Wills for cohabiting couples are an essential component in financial planning and providing for the future. According to the most recent statistics, the number of cohabiting, but unmarried, couples doubled to 3.3 million in 2017, up from 1.5 million in 1996. Given the increasing number of people who are choosing this as their relationship status, it might be assumed that there is legal protection in place if one partner in a cohabiting couple dies. However, the reality is that – when it comes to inheritance, passing on property and caring for children and dependents – the law leaves couples in this position completely unprotected. Given the negative legal implications of being unmarried (and not in a civil partnership), Wills for cohabiting couples are an essential precaution.
Cohabiting couples and intestacy
The law of intestacy covers what happens to an estate when someone dies without a Will – it applies very differently to married couples (or those in a civil partnership) than to cohabiting couples. Perhaps the most essential point to note is that the law of intestacy doesn’t give cohabiting couples any rights. If one person dies then the other partner is not entitled to anything as a result of being in a relationship and cohabiting. This is, of course, very different to being married where a range of legal entitlements arise for one partner if the other dies. These examples illustrate the situation very simply:
- John and Sarah have been cohabiting for a decade but are not married. John has £50,000 in savings and a company pension. John dies suddenly but Sarah is not entitled to any of this. Instead, it all passes to his closest living relative (his sister, Anne).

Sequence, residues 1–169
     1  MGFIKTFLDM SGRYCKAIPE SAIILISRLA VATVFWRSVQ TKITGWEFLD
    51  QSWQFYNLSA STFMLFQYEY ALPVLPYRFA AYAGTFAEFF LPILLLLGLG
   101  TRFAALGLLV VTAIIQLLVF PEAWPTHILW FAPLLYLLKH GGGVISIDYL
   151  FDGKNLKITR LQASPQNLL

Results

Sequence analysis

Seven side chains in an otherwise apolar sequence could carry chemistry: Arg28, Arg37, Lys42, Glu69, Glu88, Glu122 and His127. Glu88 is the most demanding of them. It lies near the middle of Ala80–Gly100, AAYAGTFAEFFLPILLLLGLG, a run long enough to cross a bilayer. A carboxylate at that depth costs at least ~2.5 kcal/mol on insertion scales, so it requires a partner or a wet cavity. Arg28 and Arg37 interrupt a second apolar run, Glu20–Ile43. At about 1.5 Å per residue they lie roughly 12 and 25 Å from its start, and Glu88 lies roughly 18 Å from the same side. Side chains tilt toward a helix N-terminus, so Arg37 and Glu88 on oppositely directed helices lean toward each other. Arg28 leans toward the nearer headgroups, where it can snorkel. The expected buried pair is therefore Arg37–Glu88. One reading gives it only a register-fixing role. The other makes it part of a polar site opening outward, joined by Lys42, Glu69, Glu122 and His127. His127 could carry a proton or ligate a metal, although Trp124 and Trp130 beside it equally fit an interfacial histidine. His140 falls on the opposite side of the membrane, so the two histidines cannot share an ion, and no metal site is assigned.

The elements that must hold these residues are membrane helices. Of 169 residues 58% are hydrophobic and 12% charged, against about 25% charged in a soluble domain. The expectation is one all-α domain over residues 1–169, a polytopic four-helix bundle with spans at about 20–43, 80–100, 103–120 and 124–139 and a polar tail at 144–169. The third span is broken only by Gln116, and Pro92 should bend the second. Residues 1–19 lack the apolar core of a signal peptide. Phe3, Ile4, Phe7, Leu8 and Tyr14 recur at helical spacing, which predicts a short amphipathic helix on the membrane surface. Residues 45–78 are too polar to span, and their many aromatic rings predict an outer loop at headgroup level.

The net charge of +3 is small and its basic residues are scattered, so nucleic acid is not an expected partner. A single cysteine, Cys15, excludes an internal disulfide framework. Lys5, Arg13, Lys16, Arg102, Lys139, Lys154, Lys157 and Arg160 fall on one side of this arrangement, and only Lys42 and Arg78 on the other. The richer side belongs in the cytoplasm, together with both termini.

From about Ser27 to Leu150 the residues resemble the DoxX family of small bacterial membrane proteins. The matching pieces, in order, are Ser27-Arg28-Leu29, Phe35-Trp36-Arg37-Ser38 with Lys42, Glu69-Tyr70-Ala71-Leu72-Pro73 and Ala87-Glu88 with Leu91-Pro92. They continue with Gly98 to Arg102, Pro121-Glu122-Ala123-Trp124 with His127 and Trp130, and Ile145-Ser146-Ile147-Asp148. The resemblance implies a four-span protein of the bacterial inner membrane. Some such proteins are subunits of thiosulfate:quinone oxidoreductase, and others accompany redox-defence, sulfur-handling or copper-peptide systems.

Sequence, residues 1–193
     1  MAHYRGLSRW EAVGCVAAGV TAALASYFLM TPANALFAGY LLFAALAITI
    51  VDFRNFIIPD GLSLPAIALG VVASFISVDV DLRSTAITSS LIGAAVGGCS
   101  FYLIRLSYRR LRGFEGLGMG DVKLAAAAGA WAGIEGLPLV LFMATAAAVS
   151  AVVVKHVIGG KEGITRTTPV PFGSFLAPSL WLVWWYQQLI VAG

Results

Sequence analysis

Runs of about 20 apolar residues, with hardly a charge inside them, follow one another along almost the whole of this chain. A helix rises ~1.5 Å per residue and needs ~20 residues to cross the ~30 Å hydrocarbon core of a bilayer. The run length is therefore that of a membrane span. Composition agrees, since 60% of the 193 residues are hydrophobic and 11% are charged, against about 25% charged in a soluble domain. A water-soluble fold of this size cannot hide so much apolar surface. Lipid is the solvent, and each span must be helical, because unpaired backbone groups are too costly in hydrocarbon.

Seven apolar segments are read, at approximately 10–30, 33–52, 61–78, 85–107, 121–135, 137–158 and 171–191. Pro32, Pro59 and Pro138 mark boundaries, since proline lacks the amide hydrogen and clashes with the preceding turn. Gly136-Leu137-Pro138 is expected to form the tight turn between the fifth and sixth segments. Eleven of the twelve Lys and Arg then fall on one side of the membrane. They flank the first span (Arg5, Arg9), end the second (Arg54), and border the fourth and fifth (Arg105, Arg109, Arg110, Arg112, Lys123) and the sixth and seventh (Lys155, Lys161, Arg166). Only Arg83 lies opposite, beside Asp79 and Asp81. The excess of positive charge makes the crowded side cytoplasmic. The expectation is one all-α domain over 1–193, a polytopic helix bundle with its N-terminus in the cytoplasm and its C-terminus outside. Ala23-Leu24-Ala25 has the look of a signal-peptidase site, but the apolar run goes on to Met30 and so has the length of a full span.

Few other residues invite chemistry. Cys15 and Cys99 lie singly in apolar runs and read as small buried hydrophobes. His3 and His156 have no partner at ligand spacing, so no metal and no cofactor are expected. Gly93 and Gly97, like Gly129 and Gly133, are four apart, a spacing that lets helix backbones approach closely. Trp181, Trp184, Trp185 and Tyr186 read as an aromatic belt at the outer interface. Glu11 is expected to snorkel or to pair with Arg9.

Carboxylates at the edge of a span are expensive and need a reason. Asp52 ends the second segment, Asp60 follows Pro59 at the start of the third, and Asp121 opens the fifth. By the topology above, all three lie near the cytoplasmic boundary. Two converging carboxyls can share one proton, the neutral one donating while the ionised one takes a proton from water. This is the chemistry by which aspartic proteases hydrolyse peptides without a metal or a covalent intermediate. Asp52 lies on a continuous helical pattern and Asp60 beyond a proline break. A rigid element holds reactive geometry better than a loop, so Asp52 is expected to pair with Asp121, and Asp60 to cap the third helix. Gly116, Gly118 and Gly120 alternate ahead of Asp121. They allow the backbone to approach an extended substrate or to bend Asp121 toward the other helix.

- Sam and Sally are married. Sam dies leaving behind £100,000 in savings and £100,000 in investments. Sally is entitled to everything. In fact, she is entitled to the first £250,000 of everything that Sam owns, and would be entitled to 50% of what he owned above that figure if they had children.
- Tom and Jenny are not married but have one child – Mary. Jenny dies suddenly leaving behind £400,000 in savings. This money will bypass Tom and go directly to Mary. Mary is 14 and so the £400,000 will be held in trust for her until she is 18.
What many cohabiting couples don’t realise is that there is zero legal protection for this type of relationship, as it is not recognised in law. “Common law spouse” is a term that is often applied to couples who are living together but not married or in a civil partnership. However, this relationship status has no legal recognition and so provides no legal protection. That’s why Wills for cohabiting couples are so essential to ensure that property and assets are handled as per the deceased’s wishes.
Cohabiting couples – specific assets
- Cash in the bank. If one partner in a cohabiting couple dies, any cash in the bank under their own name will be the property of their estate and the other partner will have no access to it. With respect to a joint account, the surviving partner will retain access and be entitled to the money within it. However, a proportion of it will be taken into account when calculating the estate of the deceased partner.
- Debts. Any debts that are held jointly by a cohabiting couple may become the sole responsibility of the surviving partner.